The Last Pipette Standing

Ashley N. White, Ph.D.

Ashley N. White, Ph.D.

You First Services Research Scientist

Disinfecting Pipette Tips

Laboratory Waste Associated with Single-Use Pipette Tips

Pipette tips are frequently used in labs, both research and medical. Pipetting is the most common technique performed in laboratories, resulting in pipette tips being used in large numbers across the globe. This means it’s not atypical for a lab to go through hundreds of pipette tips in a single day. The current procedure for disposing of used pipette tips involves discarding them as biohazard waste. Every year, this leads to laboratories unnecessarily disposing of over 36,000 tonnes of pipette tips. This produces a staggering amount of waste and results in a financial burden for the lab.

We consider plastic to be extremely durable, but it’s this durability that leads to its extraordinary resistance to degradation and considerably long half-life. The durability of plastic can cause its biodegradation to take up to hundreds of years. Scientific research contributes a significant amount of plastic waste, producing about five and a half million tonnes of plastic, globally. As if this impact on the environment wasn’t bad enough, the reliance on single-use pipette tips has also contributed to a global shortage, affecting research as we know it.

Global Pipette Shortage

In December 2020, the Food and Drug Administration (FDA) added pipette tips to the “Device Shortage List.” There are several causes for this shortage, but the most notable contributor to this shortage has been the COVID-19 pandemic. The pandemic has caused the demand for tips needed for both the testing and research of the coronavirus to skyrocket. As a result, by March 2021, nearly half of all COVID-19 focused laboratories in the U.S. struggled to get the essential supplies needed for testing.

Manufacturing has been negatively affected by the pandemic as well, with insufficient staffing causing a slowdown in production. However, even when a supplier is available, it has become increasingly difficult to import goods across international borders because of recent mandatory quarantines for incoming shipping containers. In addition, since the start of the pandemic, consumers are also seeing a doubling of surcharges associated with the purchase and shipment of pipette tips.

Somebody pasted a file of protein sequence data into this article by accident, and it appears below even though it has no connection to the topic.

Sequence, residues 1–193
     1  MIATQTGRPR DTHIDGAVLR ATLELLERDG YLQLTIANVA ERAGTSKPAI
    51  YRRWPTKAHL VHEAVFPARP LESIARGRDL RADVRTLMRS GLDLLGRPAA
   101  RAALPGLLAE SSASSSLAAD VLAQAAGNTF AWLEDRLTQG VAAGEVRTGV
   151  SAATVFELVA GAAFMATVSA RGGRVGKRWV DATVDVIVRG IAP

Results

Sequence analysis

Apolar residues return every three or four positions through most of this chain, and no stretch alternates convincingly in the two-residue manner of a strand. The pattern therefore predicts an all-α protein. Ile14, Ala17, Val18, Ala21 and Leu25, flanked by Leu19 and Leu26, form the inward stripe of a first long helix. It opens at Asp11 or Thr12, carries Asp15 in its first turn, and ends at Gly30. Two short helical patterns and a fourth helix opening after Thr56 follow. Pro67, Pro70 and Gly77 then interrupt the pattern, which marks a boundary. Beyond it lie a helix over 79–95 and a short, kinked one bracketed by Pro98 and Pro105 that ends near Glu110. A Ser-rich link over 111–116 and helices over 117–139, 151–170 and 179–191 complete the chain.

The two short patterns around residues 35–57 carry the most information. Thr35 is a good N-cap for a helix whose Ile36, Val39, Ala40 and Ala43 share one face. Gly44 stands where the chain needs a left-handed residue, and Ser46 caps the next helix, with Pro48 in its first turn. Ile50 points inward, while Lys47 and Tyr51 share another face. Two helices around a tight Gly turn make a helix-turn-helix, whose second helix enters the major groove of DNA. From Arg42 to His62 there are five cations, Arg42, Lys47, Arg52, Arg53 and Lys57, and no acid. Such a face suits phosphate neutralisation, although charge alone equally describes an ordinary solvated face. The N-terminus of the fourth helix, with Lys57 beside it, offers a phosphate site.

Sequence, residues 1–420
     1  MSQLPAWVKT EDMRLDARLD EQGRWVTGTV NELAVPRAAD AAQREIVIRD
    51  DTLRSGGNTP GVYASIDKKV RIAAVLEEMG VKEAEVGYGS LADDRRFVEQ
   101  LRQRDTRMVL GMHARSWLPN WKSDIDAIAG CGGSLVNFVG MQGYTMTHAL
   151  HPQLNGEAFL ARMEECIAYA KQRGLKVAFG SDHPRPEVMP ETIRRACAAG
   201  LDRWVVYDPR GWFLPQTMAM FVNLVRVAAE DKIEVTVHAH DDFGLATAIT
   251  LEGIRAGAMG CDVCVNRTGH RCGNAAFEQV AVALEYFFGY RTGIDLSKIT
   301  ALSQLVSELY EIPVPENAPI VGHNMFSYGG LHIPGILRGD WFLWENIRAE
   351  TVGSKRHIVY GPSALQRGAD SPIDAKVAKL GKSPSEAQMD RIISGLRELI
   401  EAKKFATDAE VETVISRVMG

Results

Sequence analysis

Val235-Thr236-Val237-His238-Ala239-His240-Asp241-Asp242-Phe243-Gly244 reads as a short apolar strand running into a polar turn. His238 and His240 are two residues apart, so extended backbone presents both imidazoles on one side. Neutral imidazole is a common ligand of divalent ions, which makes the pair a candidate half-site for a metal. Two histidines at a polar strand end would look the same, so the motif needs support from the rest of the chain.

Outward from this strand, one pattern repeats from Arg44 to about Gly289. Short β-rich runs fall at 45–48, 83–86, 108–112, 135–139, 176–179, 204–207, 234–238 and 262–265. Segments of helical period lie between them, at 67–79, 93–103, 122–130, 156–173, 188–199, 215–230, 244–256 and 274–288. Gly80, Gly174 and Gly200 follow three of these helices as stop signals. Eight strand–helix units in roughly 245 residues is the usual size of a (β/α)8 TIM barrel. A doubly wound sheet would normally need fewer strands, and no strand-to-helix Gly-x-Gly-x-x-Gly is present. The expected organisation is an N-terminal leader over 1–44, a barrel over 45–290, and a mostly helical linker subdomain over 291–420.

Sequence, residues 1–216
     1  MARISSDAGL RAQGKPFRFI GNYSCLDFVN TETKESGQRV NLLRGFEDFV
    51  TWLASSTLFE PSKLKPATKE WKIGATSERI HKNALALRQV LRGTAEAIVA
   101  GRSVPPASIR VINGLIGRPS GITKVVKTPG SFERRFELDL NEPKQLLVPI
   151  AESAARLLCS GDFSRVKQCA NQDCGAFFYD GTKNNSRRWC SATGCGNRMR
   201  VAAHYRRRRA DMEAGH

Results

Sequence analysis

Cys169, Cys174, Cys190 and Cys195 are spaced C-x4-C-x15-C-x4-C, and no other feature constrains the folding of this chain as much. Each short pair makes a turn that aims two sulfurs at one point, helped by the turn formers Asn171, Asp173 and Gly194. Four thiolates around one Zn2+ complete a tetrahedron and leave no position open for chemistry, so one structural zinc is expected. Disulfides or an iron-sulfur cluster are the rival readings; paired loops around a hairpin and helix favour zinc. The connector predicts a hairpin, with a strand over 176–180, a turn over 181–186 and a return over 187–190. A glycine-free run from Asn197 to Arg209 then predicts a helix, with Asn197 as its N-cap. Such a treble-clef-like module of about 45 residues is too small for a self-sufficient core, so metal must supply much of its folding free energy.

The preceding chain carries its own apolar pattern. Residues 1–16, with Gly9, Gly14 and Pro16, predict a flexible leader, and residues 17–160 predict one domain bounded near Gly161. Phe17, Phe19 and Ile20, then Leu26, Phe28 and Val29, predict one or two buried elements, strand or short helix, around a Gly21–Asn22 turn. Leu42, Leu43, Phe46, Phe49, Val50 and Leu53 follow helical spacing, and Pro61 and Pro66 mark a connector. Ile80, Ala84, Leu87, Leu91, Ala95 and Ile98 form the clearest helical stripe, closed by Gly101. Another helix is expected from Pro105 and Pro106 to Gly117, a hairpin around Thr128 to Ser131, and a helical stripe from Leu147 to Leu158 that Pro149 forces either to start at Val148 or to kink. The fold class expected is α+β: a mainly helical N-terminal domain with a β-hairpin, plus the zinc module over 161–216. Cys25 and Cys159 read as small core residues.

Impact on Research

Because of the shortage, labs across the globe are being forced to prepare for the possibility that they could be without tips for the foreseeable future. Unfortunately, amid constant pressure to maintain efforts toward development and discovery, biomedical analysis and other ongoing research can’t afford to just wait patiently for supplies to arrive. This means that the labs have no other option than to limit their pipette usage as much as possible to conserve their current stock. This requires scientists and medical professionals to be extremely mindful when doing work in the lab; making sure to “stretch” a single tip as far as possible before its disposal.

Conservation may seem like it should already be a common practice, but most professionals, myself included, know that we can be unintentionally very wasteful in the lab; changing tips and disposing of them unnecessarily without a second thought. As a nation, we have yet to reach the point of laboratory work being halted, but we have to be mindful of the possibility and become proactive if this shortage continues.

Reprocessing Pipette Tips with GloTran